Home learning activities can have a big impact on young children: study, latest news from Singapore

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Regardless of income and education level, parents who offer learning activities at home can have a major influence on the development of math and language skills in their young children.

This was seen in the first Singapore Kindergarten study which followed 1,537 children from 80 preschools from Kindergarten 1 to Primary 1. The study underscored the importance of preschool education – as well as the role that parents can play.

He found that in kindergarten, children from less well-off households progress at the same rate as their peers from more well-off households.

But there is a skills gap between children of different income groups when they enter K1, and it persists when they are in primary 1.

Called the Singapore Kindergarten Impact Project (Skip), the study followed children from 2015, when they entered kindergarten, until July 2017, seven months after entering primary 1.

Ng Ee Lynn, a researcher at the National Institute of Education, who led the study, said she affirmed the ongoing efforts to improve the accessibility, affordability and quality of preschool education.

“We are on the right track. Good quality preschool education is important. The Skip study showed that the two years of kindergarten improved language, math and other skills such as the ability to concentrate. , which are important for learning. “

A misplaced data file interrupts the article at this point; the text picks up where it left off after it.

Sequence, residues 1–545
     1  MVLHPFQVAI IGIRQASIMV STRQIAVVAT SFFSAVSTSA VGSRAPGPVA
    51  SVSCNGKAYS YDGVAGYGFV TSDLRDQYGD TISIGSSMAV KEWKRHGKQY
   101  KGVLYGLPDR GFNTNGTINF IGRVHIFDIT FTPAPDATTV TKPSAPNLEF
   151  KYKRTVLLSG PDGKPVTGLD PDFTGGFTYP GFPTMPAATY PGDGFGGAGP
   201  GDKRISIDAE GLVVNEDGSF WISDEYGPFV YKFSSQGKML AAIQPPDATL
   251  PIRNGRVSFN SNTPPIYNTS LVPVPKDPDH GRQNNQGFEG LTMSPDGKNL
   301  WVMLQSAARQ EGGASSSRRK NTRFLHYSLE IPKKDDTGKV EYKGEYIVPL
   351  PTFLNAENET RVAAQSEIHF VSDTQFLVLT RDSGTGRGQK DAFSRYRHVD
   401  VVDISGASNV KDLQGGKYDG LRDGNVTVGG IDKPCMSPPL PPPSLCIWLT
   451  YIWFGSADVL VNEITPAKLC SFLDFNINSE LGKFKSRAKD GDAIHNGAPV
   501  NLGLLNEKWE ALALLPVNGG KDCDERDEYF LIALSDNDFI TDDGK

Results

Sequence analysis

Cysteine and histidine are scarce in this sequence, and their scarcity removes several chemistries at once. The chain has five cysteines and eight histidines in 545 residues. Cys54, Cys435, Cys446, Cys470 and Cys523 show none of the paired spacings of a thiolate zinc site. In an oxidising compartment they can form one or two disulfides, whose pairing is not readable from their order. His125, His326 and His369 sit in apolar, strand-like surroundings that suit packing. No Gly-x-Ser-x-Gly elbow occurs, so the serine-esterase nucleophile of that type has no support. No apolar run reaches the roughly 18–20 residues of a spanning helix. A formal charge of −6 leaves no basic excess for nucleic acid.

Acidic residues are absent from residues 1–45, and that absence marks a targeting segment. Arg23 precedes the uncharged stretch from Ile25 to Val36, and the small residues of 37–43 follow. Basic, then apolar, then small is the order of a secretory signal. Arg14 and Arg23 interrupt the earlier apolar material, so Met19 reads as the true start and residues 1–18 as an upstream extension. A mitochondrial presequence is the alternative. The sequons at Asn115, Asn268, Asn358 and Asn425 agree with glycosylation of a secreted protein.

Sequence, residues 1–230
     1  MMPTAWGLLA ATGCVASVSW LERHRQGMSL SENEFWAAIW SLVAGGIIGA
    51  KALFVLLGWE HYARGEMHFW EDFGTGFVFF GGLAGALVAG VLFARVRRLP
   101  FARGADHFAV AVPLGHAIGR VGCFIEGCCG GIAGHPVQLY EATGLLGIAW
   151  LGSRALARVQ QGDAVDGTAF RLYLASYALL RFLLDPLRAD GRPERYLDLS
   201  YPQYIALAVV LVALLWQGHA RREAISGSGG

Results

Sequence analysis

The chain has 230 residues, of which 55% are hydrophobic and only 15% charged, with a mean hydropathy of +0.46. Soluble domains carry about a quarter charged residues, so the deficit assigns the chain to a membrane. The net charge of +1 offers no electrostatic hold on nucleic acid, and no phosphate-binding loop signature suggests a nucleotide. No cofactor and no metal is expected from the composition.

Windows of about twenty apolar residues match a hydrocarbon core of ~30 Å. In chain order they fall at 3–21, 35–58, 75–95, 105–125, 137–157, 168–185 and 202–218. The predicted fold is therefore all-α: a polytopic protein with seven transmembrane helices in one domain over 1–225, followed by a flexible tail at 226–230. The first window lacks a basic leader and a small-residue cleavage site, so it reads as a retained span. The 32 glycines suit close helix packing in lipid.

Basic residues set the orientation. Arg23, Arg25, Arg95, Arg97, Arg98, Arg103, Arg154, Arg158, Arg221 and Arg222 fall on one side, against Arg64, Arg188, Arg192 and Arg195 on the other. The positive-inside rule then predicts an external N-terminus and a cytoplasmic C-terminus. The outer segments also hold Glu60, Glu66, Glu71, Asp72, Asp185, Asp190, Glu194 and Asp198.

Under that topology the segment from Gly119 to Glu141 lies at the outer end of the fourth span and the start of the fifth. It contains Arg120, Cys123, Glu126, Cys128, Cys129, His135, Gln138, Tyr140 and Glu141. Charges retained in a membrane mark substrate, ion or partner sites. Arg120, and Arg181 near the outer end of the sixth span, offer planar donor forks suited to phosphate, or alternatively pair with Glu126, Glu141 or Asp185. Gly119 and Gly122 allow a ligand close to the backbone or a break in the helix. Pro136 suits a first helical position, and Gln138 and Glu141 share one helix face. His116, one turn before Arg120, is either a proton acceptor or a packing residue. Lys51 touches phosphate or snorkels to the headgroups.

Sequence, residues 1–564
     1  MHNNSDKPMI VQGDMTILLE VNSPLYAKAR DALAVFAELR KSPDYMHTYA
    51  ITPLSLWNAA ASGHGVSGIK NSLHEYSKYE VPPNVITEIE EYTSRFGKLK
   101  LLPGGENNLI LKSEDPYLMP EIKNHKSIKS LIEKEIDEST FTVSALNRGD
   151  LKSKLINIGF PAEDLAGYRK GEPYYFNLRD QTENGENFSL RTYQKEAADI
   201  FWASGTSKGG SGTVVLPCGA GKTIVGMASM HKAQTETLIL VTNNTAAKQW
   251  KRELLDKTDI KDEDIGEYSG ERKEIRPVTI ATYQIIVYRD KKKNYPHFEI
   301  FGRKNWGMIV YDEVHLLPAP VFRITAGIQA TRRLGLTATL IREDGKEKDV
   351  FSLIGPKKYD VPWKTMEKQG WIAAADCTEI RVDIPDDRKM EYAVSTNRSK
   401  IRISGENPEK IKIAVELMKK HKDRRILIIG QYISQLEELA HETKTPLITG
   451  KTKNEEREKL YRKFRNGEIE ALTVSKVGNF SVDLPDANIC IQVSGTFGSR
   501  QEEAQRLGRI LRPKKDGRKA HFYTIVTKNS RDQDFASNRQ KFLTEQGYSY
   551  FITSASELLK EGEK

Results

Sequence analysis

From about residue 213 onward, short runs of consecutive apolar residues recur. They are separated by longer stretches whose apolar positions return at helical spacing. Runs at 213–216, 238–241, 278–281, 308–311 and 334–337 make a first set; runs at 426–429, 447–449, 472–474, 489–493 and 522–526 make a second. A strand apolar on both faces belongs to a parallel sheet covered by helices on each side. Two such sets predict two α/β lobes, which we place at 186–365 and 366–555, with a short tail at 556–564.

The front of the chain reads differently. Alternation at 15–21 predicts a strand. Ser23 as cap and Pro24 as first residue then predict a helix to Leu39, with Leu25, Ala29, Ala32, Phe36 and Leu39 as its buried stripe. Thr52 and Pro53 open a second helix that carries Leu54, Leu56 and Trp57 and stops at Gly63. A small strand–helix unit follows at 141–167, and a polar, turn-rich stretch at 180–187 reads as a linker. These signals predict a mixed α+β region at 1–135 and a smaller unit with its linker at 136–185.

The preschool education system has undergone significant changes in recent years, including an improved curriculum and better training for educators.

She added: “The other important finding is that what parents do with their children at home matters. children’s reading and numeracy skills. “

The study also found that reading books in the native language at home contributes to children’s vocabulary level at K1.

In terms of executive functioning skills that are crucial for learning, such as the ability to pay attention and juggle multiple tasks, the team found that while children from low-income families can enter K1 with Weaker executive functioning skills – as well as a level of literacy and numeracy skills – they continued to improve these skills at the same rate as their peers from kindergarten to primary 1.

Dr Ng said: “Given the importance of the family environment in children’s development, existing government programs such as KidStart to strengthen parenting education and support for children from disadvantaged homes will be important to standardize The game’s rules.”

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